Quantcast
Get breaking news alerts via email

Click here to manage your alerts
West Jordan raises property tax; Taylorsville set to do the same

West Jordan Council approves 17 percent increase; Taylorsville proposes a 15 percent hike.

First Published Aug 14 2012 10:44 pm • Last Updated Aug 15 2012 09:46 am

West Jordan • For the first time in 24 years, City Council members in this sprawling southwest Salt Lake Valley city raised property taxes, but not before getting an earful from residents.

The 17 percent bump — which will cost the owner of a $220,000 home an additional $41 per year — will pay for 10 new police hires, sorely needed fleet upgrades, road repairs and new computer software.

Join the Discussion
Post a Comment

Tuesday’s truth in taxation hearing was the 10th opportunity residents had this summer to sound off to their elected officials. And for close to an hour, they filed forward and spoke, in large part, against the higher tax.

"I’ve lived in West Jordan since 1959 and I’m against the tax increase because I’m retired," James Romero said. "Our utilities and all our bills go up, but our wages don’t. I’m tired of everybody wanting more money."

And West Jordan resident Stacy Norton said that officials have lobbied for the higher tax for years, an increase he believes punishes the poor.

"This has been the old push-push-push-until-we-get-what-we-want game," Norton told the council. "Vote for this, and we vote you out."

However, some came forward in support of the higher levy.

Resident Lyle Summers hailed the tax increase as a step forward.

"West Jordan needs to be ready for the next wave of residential, commercial and industrial development," Summers said.

Councilman Ben Southworth choked up with emotion as he explained his wholehearted support for the tax boost.


story continues below
story continues below

"You don’t take the money from the people until you need it — and this time we do," Southworth said. "What you’re hearing is a cry for help."

Southworth described the budget cuts, reductions in force and wage freezes that city workers have endured over the past four years.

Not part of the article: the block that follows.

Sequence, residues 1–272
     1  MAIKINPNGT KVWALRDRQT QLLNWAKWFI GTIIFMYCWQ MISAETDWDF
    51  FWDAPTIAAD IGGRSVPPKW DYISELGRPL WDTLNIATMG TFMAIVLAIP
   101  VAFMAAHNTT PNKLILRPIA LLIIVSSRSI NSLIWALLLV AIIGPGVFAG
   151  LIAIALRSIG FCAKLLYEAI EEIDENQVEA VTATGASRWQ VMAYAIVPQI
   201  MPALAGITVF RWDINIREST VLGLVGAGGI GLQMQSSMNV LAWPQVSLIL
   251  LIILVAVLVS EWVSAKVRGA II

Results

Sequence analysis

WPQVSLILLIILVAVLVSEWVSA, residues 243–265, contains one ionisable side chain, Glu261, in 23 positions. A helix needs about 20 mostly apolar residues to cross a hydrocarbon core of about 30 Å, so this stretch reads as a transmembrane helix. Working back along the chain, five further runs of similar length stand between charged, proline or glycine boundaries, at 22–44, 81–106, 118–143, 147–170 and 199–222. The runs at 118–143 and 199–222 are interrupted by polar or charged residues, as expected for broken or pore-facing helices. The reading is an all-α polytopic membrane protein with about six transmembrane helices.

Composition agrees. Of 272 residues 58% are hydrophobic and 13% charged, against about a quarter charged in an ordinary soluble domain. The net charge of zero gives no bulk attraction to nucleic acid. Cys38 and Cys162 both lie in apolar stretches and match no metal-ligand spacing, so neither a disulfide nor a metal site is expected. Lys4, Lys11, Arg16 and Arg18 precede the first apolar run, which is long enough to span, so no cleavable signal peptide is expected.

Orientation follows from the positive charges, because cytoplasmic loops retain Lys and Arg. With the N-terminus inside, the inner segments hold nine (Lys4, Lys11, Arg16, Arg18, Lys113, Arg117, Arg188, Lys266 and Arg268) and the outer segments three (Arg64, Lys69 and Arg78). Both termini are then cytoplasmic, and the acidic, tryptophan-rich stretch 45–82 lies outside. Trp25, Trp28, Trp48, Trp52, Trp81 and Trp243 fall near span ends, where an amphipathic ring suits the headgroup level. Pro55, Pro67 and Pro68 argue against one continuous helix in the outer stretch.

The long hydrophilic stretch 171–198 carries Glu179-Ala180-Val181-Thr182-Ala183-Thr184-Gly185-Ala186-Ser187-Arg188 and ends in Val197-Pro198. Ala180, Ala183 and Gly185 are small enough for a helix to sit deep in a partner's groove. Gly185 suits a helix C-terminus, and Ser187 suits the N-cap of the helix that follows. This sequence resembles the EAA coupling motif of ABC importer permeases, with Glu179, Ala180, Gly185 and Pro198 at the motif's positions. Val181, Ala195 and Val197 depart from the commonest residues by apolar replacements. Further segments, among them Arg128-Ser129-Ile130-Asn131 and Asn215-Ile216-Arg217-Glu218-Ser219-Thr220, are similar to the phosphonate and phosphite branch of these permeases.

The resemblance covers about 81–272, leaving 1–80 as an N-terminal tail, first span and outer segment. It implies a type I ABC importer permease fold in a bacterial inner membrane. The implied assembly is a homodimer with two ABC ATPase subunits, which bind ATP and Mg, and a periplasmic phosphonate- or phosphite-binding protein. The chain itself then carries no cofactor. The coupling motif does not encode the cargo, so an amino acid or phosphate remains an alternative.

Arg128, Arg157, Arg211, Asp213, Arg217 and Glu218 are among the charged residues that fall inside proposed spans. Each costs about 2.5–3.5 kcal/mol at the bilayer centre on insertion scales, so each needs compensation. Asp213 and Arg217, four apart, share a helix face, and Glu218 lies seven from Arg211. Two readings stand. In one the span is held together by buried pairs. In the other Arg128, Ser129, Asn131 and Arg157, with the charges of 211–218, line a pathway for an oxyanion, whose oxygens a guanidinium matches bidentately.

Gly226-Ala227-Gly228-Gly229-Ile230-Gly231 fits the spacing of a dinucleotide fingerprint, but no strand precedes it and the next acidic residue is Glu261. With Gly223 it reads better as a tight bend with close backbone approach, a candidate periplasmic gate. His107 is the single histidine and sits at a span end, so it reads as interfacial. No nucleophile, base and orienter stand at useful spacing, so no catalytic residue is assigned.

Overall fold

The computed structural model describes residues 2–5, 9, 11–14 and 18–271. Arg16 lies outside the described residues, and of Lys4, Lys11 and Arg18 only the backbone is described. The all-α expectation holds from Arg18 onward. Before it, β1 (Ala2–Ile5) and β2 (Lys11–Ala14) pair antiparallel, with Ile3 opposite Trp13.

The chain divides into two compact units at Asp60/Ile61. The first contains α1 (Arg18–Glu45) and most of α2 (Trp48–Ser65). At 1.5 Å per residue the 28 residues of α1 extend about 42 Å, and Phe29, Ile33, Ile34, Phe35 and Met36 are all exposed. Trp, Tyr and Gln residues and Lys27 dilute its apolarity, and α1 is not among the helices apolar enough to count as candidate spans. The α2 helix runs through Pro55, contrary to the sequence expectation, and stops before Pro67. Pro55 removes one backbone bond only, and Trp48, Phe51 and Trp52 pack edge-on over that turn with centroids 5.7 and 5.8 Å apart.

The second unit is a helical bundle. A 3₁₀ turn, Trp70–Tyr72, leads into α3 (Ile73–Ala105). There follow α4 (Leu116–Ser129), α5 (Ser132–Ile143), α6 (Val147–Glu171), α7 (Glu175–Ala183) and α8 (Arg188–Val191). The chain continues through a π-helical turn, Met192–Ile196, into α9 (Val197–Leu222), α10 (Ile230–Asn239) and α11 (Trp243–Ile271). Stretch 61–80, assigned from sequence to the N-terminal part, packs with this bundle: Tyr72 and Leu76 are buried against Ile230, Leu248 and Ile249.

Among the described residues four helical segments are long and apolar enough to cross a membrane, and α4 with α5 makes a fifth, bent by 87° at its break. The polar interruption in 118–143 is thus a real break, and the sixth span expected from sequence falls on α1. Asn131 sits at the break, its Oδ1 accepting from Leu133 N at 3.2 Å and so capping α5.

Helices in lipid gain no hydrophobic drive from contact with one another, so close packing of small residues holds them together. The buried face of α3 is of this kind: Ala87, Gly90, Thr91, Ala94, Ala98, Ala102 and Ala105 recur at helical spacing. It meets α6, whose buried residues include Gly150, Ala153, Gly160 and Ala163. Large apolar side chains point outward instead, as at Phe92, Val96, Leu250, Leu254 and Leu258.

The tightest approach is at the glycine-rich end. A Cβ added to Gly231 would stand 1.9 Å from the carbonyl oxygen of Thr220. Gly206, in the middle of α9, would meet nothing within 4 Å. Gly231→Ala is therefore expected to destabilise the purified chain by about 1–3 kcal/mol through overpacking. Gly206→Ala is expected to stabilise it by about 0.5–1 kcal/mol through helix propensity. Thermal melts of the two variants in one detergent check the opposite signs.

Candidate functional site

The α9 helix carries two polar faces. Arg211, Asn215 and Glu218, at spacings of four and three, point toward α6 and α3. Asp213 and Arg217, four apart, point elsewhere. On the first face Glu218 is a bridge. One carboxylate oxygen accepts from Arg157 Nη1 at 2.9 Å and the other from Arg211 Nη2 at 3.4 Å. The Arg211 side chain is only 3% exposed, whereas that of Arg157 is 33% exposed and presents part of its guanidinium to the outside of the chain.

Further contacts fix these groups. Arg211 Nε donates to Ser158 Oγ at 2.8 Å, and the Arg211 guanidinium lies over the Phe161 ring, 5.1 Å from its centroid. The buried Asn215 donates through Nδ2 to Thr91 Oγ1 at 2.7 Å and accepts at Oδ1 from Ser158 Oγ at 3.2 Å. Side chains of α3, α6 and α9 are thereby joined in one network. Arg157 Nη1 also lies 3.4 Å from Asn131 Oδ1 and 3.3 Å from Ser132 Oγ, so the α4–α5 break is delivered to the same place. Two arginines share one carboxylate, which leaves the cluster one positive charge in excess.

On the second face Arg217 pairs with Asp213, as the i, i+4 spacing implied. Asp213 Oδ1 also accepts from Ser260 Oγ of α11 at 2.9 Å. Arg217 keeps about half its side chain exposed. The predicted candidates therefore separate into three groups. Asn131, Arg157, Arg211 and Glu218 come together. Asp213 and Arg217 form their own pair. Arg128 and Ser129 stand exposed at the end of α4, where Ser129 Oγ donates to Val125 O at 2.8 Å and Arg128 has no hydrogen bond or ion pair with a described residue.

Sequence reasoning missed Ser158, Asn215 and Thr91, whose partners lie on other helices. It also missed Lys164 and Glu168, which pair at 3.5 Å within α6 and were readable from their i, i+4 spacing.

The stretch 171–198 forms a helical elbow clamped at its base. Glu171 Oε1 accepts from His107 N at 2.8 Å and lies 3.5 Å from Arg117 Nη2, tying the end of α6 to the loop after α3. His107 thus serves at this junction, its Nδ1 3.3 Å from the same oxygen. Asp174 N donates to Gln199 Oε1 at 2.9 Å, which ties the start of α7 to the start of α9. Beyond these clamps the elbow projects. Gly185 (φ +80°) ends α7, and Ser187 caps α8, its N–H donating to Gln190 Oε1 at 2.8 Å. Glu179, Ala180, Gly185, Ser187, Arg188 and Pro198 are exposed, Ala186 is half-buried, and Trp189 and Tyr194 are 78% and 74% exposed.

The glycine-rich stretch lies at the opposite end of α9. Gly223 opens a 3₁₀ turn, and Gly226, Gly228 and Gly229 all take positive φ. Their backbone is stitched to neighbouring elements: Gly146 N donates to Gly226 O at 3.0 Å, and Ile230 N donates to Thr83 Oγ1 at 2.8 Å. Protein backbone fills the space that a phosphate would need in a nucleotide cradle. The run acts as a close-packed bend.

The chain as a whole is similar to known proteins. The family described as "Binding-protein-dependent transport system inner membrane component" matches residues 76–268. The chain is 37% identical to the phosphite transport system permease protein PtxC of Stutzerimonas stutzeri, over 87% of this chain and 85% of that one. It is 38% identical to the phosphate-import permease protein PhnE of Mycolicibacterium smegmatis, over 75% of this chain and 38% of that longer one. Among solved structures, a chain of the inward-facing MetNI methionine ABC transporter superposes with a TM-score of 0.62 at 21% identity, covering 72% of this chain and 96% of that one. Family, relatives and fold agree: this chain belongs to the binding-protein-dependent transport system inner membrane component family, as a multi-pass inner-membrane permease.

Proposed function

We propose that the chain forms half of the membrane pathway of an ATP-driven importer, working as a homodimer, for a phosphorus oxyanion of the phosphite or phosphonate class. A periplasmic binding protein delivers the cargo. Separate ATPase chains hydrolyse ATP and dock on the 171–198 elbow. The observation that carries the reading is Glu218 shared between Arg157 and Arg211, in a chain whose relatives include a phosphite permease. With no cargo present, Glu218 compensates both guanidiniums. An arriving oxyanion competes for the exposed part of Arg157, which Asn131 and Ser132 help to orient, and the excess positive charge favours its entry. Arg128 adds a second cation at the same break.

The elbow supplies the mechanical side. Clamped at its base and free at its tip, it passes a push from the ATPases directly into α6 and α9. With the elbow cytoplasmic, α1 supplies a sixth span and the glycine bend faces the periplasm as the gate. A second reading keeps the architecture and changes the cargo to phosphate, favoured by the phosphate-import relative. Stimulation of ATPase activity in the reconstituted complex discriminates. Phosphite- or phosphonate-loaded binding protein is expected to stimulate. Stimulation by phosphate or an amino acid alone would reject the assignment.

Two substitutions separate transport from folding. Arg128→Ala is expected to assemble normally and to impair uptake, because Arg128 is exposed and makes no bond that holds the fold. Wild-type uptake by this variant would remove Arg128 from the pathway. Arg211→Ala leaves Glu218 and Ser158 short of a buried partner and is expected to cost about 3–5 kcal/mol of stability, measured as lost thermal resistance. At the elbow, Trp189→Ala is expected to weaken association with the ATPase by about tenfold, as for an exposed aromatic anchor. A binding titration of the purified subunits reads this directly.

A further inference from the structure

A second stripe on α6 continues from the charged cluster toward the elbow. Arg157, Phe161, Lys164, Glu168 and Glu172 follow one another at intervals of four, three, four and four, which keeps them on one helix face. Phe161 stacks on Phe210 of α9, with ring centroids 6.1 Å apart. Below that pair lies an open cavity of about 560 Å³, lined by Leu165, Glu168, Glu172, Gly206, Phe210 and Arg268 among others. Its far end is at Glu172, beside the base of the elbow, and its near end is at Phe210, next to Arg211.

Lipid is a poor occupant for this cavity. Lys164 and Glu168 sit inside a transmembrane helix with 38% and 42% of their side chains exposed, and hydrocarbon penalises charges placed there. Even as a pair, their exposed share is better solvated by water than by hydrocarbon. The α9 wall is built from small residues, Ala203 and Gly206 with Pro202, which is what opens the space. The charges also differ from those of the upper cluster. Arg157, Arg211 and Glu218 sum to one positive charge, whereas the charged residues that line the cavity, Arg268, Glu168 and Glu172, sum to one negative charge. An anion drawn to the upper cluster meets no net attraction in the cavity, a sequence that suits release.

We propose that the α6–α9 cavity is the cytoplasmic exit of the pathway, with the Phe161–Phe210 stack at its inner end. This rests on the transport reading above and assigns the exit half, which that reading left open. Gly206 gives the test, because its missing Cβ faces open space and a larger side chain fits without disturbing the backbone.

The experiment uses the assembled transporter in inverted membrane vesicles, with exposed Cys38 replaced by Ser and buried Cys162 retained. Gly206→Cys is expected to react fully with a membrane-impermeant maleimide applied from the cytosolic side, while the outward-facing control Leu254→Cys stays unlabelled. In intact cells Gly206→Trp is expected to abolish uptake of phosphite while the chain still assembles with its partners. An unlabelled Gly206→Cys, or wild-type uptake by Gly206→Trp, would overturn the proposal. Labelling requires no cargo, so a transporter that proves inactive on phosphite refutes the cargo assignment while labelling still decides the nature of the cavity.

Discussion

"This is a decision that has been building for multiple years," Southworth said, "and its almost the bare minimum of what we should do."

At a Taylorsville City Council truth in taxation hearing Tuesday, two residents spoke against a proposed 15 percent property tax increase. One of them, Robb Reger, was concerned that a rise this year could "open the floodgates" and lead to more taxes in the coming years.

But four speakers supported an increase, saying the amount was minimal and would benefit the community.

Taylorsville’s tax boost will require the owner of a $172,000 home to pay $26 more per year or about $2.16 more per month. The owner of a business valued at $172,000 can expect an annual increase of $47.98.

The added revenue will fund street-scape maintenance and installation of a safety wall along 4100 South from Redwood Road to 1300 West, an area where cars have veered off and landed in backyards.

Taylorsville council members will vote on the city’s 2013 budget and tax increase during Wednesday’s session, which starts at 6:30 p.m. at City Hall, 2600 W. Taylorsville Blvd.

cmckitrick@sltrib.comtwitter: @catmckpmanson@sltrib.comtwitter: @PamelaMansonSLC



Copyright 2014 The Salt Lake Tribune. All rights reserved. This material may not be published, broadcast, rewritten or redistributed.

Top Reader Comments Read All Comments Post a Comment
Click here to read all comments   Click here to post a comment


About Reader Comments


Reader comments on sltrib.com are the opinions of the writer, not The Salt Lake Tribune. We will delete comments containing obscenities, personal attacks and inappropriate or offensive remarks. Flagrant or repeat violators will be banned. If you see an objectionable comment, please alert us by clicking the arrow on the upper right side of the comment and selecting "Flag comment as inappropriate". If you've recently registered with Disqus or aren't seeing your comments immediately, you may need to verify your email address. To do so, visit disqus.com/account.
See more about comments here.
Staying Connected
Videos
Jobs
Contests and Promotions
  • Search Obituaries
  • Place an Obituary

  • Search Cars
  • Search Homes
  • Search Jobs
  • Search Marketplace
  • Search Legal Notices

  • Other Services
  • Advertise With Us
  • Subscribe to the Newspaper
  • Login to the Electronic Edition
  • Frequently Asked Questions
  • Contact a newsroom staff member
  • Access the Trib Archives
  • Privacy Policy
  • Missing your paper? Need to place your paper on vacation hold? For this and any other subscription related needs, click here or call 801.204.6100.